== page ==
The Community Power series spotlights local, clean transportation stories from states across the U.S. Each film invites the public to become civically active on issues of clean energy, justice, and jobs through a free clean transportation action toolkit, connecting audiences to nonprofit and movement organizations. The Redford Center’s Community Power series is generously supported by Far Star Action Fund.
About the Film
Community Power Minnesota: Transportation and Happiness
A film by The Redford Center
Directed by Sebastian Schnabel, Produced by Cici Yixuan Wu
Run time – 03:50 minutes
When you think of your daily commute, what feelings come to mind? Would “happiness” be at the top of your list? Dr. Yingling Fan, a professor at the University of Minnesota’s Hubert H. Humphrey School of Public Affairs and a research scholar at its Center for Transportation Studies wants to transform the way we experience transportation. With the help of Minneapolis—St. Paul residents, Dr. Fan has developed an innovative “Transportation Happiness Map” that captures the positive emotions tied to biking, reliable public transportation, safe and scenic paths, and avoiding traffic behind the wheel. Local community leaders and public officials see this data as the groundwork for clean transportation and infrastructure development that prioritizes the health of people and our planet. Watch as Dr. Fan and local leaders activate their community power to bring innovative solutions to our climate and public health crises.
Community Power Minnesota: Transportation and Happiness can be viewed at redfordcenter.org/communitypower.
Click here to view all films in the series: Community Power Arizona: En Nuestrxs Manos (In Our Hands), directed by Pita Juarez; Community Power Nevada: Unidxs En Acción (United In Action), directed by Nicolas Cadena; Community Power Indiana: Beyond the Line, directed by Sam Mirapoorian; and Community Power New Jersey: Our Streets, directed by Adam Nawrot.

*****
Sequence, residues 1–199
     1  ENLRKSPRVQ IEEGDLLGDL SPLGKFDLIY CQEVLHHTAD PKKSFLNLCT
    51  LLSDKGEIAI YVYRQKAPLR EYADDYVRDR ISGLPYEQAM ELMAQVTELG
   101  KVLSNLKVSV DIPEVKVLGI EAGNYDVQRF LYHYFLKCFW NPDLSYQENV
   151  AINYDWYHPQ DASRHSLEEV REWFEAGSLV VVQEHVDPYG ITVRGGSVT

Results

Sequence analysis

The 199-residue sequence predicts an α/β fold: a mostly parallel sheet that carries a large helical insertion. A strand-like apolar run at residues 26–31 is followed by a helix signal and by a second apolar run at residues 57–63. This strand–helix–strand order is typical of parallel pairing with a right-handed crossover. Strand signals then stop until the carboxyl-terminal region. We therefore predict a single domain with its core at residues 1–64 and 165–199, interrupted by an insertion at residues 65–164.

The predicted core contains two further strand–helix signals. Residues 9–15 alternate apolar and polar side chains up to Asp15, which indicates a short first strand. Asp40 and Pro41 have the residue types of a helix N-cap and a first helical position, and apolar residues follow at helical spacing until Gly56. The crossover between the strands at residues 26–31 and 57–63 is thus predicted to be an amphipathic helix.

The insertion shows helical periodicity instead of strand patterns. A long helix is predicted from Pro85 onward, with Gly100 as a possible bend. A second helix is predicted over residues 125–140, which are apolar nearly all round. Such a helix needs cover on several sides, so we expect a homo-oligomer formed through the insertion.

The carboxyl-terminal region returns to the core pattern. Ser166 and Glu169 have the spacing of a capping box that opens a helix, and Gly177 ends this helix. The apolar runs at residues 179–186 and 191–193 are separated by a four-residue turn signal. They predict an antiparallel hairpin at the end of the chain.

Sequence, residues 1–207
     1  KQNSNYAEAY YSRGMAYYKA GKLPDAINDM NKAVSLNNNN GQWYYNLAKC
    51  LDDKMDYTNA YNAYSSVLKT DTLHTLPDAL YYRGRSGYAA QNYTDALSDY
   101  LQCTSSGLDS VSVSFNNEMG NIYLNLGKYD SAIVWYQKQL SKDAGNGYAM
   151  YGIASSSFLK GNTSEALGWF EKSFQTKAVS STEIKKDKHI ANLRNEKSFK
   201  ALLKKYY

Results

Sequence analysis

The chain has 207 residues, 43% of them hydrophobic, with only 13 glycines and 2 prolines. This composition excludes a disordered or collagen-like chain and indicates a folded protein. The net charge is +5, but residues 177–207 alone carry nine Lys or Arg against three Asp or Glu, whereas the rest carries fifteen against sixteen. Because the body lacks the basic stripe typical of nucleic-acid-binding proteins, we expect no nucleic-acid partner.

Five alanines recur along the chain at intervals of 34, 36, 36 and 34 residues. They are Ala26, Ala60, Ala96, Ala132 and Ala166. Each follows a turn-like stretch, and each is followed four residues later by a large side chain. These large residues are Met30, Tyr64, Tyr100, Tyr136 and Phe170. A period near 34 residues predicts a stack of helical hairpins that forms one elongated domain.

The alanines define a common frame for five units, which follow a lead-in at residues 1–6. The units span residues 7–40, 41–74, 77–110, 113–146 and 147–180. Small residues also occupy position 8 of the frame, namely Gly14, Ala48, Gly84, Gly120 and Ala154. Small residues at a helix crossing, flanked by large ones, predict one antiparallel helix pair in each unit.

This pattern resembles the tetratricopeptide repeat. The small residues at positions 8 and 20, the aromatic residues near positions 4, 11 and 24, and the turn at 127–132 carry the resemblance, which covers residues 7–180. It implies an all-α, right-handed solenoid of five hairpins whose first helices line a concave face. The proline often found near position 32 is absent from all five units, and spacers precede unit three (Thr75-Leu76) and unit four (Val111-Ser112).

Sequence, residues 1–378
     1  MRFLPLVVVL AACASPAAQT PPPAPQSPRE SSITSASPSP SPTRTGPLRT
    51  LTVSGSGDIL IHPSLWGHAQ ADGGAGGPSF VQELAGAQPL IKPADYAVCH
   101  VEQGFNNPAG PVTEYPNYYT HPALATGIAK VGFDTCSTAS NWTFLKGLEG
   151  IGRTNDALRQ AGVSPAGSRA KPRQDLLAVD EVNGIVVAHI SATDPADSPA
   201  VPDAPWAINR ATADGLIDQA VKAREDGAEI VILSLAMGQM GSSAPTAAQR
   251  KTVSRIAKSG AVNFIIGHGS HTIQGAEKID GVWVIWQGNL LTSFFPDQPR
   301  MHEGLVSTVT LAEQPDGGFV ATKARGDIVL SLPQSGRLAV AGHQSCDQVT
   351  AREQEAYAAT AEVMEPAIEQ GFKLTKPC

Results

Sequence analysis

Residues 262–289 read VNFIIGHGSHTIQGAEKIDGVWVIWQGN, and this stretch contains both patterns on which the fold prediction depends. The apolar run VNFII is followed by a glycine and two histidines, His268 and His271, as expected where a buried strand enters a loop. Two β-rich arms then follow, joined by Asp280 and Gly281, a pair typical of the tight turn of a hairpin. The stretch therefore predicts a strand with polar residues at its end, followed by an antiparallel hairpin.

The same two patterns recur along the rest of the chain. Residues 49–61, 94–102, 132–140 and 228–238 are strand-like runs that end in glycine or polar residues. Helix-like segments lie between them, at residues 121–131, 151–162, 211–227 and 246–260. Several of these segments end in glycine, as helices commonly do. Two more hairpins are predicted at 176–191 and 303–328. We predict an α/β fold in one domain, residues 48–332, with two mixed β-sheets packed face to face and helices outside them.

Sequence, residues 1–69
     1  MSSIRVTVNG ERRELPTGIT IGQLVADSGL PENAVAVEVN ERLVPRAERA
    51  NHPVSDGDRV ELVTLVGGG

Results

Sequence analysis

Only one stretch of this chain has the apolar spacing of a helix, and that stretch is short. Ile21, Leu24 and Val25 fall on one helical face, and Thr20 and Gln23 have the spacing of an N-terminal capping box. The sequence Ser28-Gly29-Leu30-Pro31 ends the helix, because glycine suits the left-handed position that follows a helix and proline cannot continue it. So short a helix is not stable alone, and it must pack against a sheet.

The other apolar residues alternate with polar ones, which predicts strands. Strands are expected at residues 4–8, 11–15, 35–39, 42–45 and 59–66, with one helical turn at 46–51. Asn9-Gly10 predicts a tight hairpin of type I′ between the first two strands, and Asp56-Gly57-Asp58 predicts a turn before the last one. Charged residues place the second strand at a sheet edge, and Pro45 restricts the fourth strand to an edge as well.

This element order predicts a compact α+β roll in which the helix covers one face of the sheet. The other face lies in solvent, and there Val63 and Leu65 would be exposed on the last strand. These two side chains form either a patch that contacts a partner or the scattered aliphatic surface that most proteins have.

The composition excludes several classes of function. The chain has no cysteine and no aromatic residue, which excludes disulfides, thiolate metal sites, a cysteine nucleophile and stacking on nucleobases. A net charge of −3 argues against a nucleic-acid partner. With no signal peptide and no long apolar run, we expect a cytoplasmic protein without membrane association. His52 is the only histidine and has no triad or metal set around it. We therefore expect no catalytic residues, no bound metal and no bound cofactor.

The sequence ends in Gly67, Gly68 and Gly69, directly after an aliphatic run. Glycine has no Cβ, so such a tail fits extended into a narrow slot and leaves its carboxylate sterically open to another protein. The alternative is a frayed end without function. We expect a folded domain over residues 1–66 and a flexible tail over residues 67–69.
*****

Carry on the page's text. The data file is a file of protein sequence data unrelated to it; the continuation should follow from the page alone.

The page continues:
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Cait Fitzwater, The Redford Center
ABOUT THE REDFORD CENTER
Co-founded in 2005 by Robert Redford and his son James Redford, The Redford Center advances environmental solutions through the power of stories that move. As an independent nonprofit organization, we work with filmmakers, activists, and organizations to connect movements, amplify frontline voices, ignite discourse, change policy, drive innovation, and encourage environmental and media literacy.
Over the years, The Redford Center has produced three award-winning feature documentaries and more than 40 short films, supported more than 100 film and media projects with grants and other services, inspired the creation of more than 550 student films, and dispersed more than $10 million to fiscally sponsored projects. We’ve engaged millions of viewers across all 50 states and 45 countries. Redford Center films and impact campaigns have halted the construction of dirty coal plants, restored the Colorado River Delta, reconnected people to nature, and helped accelerate the clean energy revolution and clean transportation solutions in communities across America.